‘He’s a tough kid, he’ll play.’ Utah expects to face UCLA’s Dorian Thompson-Robinson


UCLA quarterback Dorian Thompson-Robinson is brought down for a loss by Oregon safety Vernon McKinley III in the fourth quarter at the Rose Bowl on Saturday. (Luis Sinco / Los Angeles Times)

In keeping with the theme of its wildly wavering season, UCLA was confronted with only end-of-the-spectrum possibilities heading into its most pivotal game of 2021.

As part of the best-case scenario, Dorian Thompson-Robinson, one of the most experienced quarterbacks in college football, would be able to push through the apparent throwing-hand injury he suffered last week to start against Utah.

The other option would be to go with Ethan Garbers, a promising newbie who has thrown all of seven passes since bidding farewell to high school stardom.

Utah coach Kyle Whittingham seemed unequivocal about which way it would go Saturday night at Rice-Eccles Stadium, even if he was not privy to the Bruins’ medical reports.

“He’s a tough kid, he’ll play,” Whittingham told reporters earlier this week of Thompson-Robinson. “He’ll be there; I’ll be shocked if he’s not there.”

Whittingham made those comments on a day Thompson-Robinson didn’t throw one pass during the portion of UCLA’s practice open to reporters. The senior quarterback subsequently made some significant progress in his recovery, throwing one pass Tuesday during the media viewing session before firing several 20-yard passes and a few others from around 30 yards Wednesday.

Even so, his bid to start every game in a season for the first time in his career remained in jeopardy. Lingering discomfort was evident in the way Thompson-Robinson clutched the ball with his off hand whenever he could. He also didn’t take snaps from the first- or second-string centers at the last portion of practice open to reporters, signaling Garbers and fellow backup Chase Artopoeus would get those repetitions in team drills once the media left the practice field.

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Further thinning the Bruins’ quarterback depth, third-stringer Chase Griffin also appears to be recovering from an injury after not dressing for the game against Oregon last weekend. Griffin did not throw any passes this week during the open portions of practice.

Whoever starts at quarterback, a front-line, top-shelf effort will be needed for the Bruins (5-3, 3-2 Pac-12) against the Utes (4-3, 3-1) to prevent UCLA’s hopes of winning the conference from being reduced to a Hail Mary. A victory over Utah would make the Bruins bowl-eligible while moving them into — at worst — second place in the Pac-12 South with a handy tiebreaker against the Utes.

Of the top three teams in the division standings, UCLA has by far the easiest schedule after this weekend, with games remaining against offense-starved Colorado, staggering USC and two-win California. Utah’s remaining schedule includes a game against seventh-ranked Oregon and fellow division leader Arizona State (5-2, 3-1) must face Oregon State on the road.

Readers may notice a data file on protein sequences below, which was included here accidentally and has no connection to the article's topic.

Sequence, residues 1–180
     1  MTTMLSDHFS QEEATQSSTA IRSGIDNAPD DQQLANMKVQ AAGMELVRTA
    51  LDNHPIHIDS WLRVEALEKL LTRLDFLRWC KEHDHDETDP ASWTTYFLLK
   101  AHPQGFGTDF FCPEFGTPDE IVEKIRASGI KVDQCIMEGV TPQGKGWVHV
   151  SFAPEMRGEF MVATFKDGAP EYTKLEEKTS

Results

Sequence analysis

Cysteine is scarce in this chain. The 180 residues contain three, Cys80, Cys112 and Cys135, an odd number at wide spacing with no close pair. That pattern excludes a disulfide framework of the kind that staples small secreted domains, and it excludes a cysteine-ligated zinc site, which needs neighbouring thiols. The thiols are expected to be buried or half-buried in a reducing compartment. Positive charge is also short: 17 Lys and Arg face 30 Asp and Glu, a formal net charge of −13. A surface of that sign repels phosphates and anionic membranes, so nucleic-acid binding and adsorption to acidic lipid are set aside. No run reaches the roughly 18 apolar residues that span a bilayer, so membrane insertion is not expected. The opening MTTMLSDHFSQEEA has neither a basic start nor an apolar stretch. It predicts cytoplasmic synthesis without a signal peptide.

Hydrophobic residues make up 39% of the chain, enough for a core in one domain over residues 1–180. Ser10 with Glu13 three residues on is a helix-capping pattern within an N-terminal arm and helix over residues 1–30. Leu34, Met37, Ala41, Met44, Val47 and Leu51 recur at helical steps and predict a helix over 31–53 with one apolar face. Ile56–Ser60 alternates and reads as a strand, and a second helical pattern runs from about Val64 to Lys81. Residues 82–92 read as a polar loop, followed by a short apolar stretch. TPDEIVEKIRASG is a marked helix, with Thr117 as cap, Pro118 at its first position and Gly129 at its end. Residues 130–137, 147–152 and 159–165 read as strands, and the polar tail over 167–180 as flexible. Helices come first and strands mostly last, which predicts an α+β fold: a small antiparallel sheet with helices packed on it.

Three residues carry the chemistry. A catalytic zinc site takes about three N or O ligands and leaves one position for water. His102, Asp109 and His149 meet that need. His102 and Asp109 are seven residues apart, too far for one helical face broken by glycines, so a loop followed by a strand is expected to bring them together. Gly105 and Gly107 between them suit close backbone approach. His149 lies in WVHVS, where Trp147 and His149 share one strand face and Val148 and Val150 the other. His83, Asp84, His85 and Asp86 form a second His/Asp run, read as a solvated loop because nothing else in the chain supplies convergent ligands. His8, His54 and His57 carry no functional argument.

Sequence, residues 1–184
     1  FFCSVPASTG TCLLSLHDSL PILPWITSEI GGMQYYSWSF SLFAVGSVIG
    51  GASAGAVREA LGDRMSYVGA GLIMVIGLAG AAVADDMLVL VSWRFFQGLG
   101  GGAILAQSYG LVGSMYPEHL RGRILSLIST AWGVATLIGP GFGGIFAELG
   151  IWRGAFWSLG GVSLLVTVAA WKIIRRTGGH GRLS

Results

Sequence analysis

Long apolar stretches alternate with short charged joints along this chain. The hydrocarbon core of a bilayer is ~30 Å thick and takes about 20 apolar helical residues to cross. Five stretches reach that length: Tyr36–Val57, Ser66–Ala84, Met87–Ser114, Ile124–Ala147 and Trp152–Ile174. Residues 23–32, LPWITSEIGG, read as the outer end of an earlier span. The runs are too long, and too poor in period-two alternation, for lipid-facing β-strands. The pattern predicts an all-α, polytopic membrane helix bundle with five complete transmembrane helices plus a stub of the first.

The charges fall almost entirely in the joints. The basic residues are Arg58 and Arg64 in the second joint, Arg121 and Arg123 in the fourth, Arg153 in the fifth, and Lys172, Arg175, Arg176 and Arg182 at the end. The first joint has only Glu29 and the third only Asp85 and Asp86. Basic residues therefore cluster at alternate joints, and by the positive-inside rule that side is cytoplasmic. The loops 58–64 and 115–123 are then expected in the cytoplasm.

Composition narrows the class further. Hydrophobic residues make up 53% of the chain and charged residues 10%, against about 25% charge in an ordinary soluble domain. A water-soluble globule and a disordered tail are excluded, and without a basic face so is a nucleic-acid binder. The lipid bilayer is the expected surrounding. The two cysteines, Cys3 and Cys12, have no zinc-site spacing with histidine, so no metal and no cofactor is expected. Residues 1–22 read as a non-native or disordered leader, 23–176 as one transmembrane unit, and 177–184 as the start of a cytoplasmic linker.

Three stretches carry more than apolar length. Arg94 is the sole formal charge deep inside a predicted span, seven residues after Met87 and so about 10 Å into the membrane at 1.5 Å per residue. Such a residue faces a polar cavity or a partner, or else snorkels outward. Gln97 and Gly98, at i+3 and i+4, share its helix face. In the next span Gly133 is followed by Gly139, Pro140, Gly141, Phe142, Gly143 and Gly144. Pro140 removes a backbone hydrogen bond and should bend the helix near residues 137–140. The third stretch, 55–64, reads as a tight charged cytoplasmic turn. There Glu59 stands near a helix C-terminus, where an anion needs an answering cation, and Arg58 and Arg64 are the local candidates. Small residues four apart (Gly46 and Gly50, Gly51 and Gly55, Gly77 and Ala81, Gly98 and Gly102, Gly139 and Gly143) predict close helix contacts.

UCLA quarterback Chase Griffin during a game against Arizona on Sept. 28, 2019, in Tucson, Ariz. (Rick Scuteri / Associated Press)

Utah is coming off a 42-34 loss to Oregon State in which it gave up 260 rushing yards, providing a blueprint for the Bruins regardless of who’s their quarterback. It won’t help the Utes that top linebacker Devin Lloyd must sit out the first half against UCLA after being called for targeting in the third quarter last weekend.

UCLA rushed for a season-low 110 yards during its 34-31 setback against Oregon and undoubtedly will seek to get running backs Zach Charbonnet and Brittain Brown back into a better rhythm against the Utes. Even with the clunker against the Ducks, the Bruins’ rushing offense that has generated 206.1 yards per game ranks No. 2 in the Pac-12 and No. 28 nationally.

The game figures to be emotionally charged. Utah will retire the No. 22 as a tribute to the late Ty Jordan and Aaron Lowe during a ceremony between the first and second quarters. Jordan died last Christmas of an accidental, self-inflicted gunshot wound and Lowe, who changed from No. 2 to No. 22 to honor his one-time high school and college teammate, was fatally shot outside a house party late last month.

It will be the first number retired in the program’s history.

If Garbers gets the start, it could put the Bruins in a historically precarious place; a UCLA backup quarterback has not won his first start since Richard Brehaut helped the Bruins defeat Washington State on Oct. 2, 2010. Mike Fafaul (2016), Thompson-Robinson (2018), Austin Burton (2019) and Griffin (2020) all lost their first starts as replacements.

Kelly said he would not have to alter his game plan if Garbers, a redshirt freshman, took the first snap.

“Ethan can run our whole offense and we grasp the whole thing that Ethan can do and Ethan and Dorian are very similar,” Kelly said of the quarterback who helped his team convert a fourth down against Oregon before his final pass was intercepted.

Kelly said Garbers’ running ability matched that of Thompson-Robinson, one of the top dual-threat quarterbacks on the West Coast, noting that Garbers’ older brother, Chase, was the all-time leading rusher among quarterbacks at California.

“Garbers are good athletes,” Kelly said, “so don’t underestimate them.”

Then, facing a reporter who had suggested Ethan Garbers wasn’t as good at running the ball as his veteran counterpart on the team, Kelly added, facetiously, “Sleep on him; he’s not a good rusher.”

The Bruins could find out soon enough.

This story originally appeared in Los Angeles Times.

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